The Welsh Local Government Association (WLGA) represents the interests of local government and promotes local democracy in Wales. It represents the 22 local authorities in Wales and the 4 police authorities, 3 fire and rescue authorities and 3 national park authorities are associate members. The WLGA’s primary purposes are to promote better local government and its reputation and to support authorities in the development of policies and priorities which will improve public services and democracy.
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Education and training
Because local authorities are independent locally autonomous organisations, they may well offer different solutions to personal and professional development. In Wales, this translates into the potential for 22 different approaches. Each local authority will not only need to respond to professional (occupational) needs but also to the needs of the business and the community it serves, delivered in line with whatever corporate policies exist. With this being the case there follows a generic overview. Ultimately this encourages professionals to refer to their employing authority to determine and agree the most appropriate personal development solutions.
Many local authorities will have training and development policies which will outline their commitment to the training and development of all staff. In house development will often focus on the development of generic or common skills such as ICT or management for example, whereas external programmes are often used to develop specialist knowledge and skills.
In relation to more specialist public health activity - local authorities will often utilise training and development opportunities provided by lead bodies, education and training providers, subscribing to CPD schemes or purchasing professional development programmes and events as necessary from organisations such as Chartered Institute of Environmental Health (CIEH), The Royal Society for Public Health (RSPH), Local Authorities Coordinators of Regulatory Services (LACoRS), Public Health Wales, Food Standards Agency (FSA), training providers and higher education institutions.
Leadership and management
Many local authorities have their own leadership and management programmes, some of which are delivered in house; this will be the primary source of leadership and management development to support progression into these roles.
In addition professional associations and lead bodies such as LACoRS will often offer leadership and management development programmes, for example the LACoRS Leadership programme for local government, which also attracts a bursary.
Some local authorities may also provide support to those seeking to undertake external programmes and higher level professional qualifications.
Secondments and wider links
Most local authorities provide work placement opportunities and may also offer secondments, some of which might include working in another discipline, for another local authority, in another organisation within the Welsh public service or further afield. Each local authority will have its own policy in relation to work placements and secondments. Individual local authorities (often for short term and specific learning) and the Welsh local Government Association (longer term placement) act as training locations for Specialist Registrars in Public Health, training to become Consultants in Public Health.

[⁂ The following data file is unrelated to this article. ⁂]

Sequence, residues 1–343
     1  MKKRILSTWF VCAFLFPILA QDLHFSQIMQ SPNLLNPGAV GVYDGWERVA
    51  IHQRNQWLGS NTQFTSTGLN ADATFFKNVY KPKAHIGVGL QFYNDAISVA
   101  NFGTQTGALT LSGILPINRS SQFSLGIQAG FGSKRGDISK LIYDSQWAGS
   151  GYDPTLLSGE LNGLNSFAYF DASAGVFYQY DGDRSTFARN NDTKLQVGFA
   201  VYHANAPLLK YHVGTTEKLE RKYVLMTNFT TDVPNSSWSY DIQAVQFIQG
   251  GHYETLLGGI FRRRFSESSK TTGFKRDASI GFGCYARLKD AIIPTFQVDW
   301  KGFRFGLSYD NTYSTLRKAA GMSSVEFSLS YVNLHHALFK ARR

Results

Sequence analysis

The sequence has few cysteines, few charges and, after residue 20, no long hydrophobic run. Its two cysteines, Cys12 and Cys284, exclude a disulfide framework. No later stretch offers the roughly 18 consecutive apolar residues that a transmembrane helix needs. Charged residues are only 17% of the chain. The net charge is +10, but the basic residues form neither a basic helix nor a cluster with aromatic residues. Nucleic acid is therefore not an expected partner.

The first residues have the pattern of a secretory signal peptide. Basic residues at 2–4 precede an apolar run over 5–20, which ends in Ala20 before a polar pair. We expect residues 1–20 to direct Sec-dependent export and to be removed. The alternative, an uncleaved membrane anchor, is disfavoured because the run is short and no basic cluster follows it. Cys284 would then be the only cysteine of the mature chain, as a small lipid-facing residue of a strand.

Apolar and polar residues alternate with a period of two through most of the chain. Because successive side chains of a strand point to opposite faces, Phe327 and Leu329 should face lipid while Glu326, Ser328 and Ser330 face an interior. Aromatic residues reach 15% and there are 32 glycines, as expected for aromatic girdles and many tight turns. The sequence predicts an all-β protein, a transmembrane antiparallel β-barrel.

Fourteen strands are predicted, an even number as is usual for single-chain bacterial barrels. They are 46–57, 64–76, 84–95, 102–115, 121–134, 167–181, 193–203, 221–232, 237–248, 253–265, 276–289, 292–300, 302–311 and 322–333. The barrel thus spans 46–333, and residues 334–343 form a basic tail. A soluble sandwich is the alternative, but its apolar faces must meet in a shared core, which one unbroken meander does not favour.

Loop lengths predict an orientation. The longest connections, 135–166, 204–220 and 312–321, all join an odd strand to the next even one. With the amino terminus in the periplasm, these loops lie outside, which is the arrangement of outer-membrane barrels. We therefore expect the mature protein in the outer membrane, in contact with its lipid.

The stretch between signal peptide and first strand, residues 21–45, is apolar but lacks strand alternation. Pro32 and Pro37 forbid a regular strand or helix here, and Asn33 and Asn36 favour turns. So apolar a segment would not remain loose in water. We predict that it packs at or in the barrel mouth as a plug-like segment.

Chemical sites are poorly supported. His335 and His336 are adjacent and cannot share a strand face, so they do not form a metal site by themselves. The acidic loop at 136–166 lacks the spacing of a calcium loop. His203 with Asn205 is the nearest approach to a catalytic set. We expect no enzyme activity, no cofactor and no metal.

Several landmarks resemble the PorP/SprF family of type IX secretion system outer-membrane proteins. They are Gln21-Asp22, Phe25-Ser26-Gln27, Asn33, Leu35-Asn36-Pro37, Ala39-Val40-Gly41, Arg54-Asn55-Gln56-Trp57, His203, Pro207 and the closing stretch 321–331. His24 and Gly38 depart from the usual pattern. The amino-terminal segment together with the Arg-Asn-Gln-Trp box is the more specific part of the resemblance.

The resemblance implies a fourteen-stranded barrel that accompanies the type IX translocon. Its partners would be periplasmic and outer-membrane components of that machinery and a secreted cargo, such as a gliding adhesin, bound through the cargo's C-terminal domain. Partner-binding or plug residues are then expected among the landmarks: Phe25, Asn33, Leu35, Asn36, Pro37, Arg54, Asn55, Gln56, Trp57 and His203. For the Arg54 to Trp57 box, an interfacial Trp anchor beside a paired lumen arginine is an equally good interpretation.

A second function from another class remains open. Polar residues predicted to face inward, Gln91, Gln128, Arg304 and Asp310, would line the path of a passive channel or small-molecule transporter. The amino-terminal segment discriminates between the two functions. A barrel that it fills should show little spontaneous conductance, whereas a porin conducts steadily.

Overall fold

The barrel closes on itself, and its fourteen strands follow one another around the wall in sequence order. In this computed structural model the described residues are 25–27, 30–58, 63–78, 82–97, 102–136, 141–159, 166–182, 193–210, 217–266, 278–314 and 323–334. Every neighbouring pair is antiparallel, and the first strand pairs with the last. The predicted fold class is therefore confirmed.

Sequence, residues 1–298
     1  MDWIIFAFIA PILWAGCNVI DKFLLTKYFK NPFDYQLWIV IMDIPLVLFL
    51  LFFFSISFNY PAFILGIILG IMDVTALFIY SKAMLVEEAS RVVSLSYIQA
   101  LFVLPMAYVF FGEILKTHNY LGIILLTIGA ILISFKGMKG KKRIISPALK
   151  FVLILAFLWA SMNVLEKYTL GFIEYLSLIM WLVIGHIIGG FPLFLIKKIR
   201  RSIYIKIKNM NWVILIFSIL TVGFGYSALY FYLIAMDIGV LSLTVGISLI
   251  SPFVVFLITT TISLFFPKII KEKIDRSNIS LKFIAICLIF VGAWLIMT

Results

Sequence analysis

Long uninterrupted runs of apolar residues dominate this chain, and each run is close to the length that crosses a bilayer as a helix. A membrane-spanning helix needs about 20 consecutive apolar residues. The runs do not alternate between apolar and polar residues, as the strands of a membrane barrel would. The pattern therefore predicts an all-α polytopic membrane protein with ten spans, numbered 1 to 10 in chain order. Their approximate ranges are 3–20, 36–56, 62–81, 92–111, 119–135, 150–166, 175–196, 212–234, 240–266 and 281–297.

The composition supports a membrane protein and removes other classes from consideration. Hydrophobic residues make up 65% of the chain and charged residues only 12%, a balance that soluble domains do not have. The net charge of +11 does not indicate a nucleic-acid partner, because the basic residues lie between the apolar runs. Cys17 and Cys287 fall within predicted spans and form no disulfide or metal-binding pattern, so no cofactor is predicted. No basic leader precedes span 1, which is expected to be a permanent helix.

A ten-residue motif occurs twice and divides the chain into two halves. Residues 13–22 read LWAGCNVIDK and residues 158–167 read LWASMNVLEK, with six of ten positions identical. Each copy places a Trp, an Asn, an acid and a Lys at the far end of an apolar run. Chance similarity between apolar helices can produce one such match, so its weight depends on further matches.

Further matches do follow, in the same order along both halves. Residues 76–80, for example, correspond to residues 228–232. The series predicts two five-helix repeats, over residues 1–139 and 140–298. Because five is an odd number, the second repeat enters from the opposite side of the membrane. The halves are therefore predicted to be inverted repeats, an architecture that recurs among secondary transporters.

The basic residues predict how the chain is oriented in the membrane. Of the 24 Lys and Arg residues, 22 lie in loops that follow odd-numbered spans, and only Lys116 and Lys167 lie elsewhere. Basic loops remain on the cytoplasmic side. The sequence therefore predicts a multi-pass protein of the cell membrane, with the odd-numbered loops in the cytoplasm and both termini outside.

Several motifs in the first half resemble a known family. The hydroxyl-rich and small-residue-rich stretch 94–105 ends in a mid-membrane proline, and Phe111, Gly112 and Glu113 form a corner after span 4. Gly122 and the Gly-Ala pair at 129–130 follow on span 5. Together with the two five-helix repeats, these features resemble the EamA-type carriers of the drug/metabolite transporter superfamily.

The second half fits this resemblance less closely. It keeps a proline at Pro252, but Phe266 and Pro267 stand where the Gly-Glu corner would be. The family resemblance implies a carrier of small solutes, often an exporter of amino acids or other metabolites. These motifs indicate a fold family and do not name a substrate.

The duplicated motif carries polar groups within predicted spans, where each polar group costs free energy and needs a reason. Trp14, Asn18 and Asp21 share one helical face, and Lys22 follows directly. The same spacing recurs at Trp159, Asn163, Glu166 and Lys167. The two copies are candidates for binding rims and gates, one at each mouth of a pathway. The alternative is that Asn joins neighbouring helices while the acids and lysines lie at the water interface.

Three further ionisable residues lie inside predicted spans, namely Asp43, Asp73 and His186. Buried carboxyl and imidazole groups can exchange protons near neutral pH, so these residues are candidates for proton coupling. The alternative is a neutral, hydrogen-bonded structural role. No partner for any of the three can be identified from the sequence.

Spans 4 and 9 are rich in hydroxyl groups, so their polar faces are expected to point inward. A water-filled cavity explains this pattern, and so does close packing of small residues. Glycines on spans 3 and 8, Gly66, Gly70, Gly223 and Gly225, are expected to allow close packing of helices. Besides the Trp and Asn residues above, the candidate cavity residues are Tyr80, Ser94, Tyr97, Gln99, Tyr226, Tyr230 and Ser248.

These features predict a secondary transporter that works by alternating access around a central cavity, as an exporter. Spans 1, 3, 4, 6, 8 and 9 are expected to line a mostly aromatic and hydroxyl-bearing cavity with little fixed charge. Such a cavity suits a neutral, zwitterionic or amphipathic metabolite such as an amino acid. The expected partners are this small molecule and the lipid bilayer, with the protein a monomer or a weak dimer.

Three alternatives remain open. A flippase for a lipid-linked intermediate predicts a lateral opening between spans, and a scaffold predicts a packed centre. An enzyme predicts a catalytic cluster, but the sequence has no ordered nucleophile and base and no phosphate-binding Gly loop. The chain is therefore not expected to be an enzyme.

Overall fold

Professional associations and other lead bodies will often have wider links that promote the sharing of practice, one such example is the twinning of the CIEH Wales region with the Rwanda Association of Environmental Health through the Wales for Africa programme.
Local Government tends to link with Higher Education Institutions, training providers, professional and other bodies, including Sector Skills Councils (SSCs), which offer or inform public health education and training programmes. The Welsh Local Government Association contributed to the validation of a new MSc in Applied Public Health at the University of Wales Institute Cardiff. The programme will start in September 2009 and is ideally suited to those wishing to stay in local government, maximising the public health potential of their roles.
Local authorities will often offer work placement opportunities to those seeking a career in public health disciplines such as Environmental Health. A directory of student placement opportunities in Environmental Health can be found on the CIEH Wales site.
Who do I contact in my Local Authority about professional development?
Line managers will always be the first point of contact for any professional development enquiries, and further information, including any specific policies, can be sought from local authority Human Resource and/or Training departments.
Most local authorities will have annual reviews or appraisals with staff, undertaken by line managers, where professional development needs are agreed and often detailed in a personal development plan (PDP) or similar. These processes often form the basis for any agreed professional development activity.
Bursaries and other support for professional development in public health can be accessed through the Wales Centre for Health Workforce Development Programme. Information can be found on the Public Health Wales website and through the Chartered Institute of Environmental Health.
Local authorities may also choose to fund or provide a financial contribution towards professional development from their own budgets. It is unlikely that a universal policy will exist as needs are often assessed individually and in relation to the demands of the service, therefore any professional development, including funding, would need to be discussed and agreed with line managers and Human resource and/or Training Departments.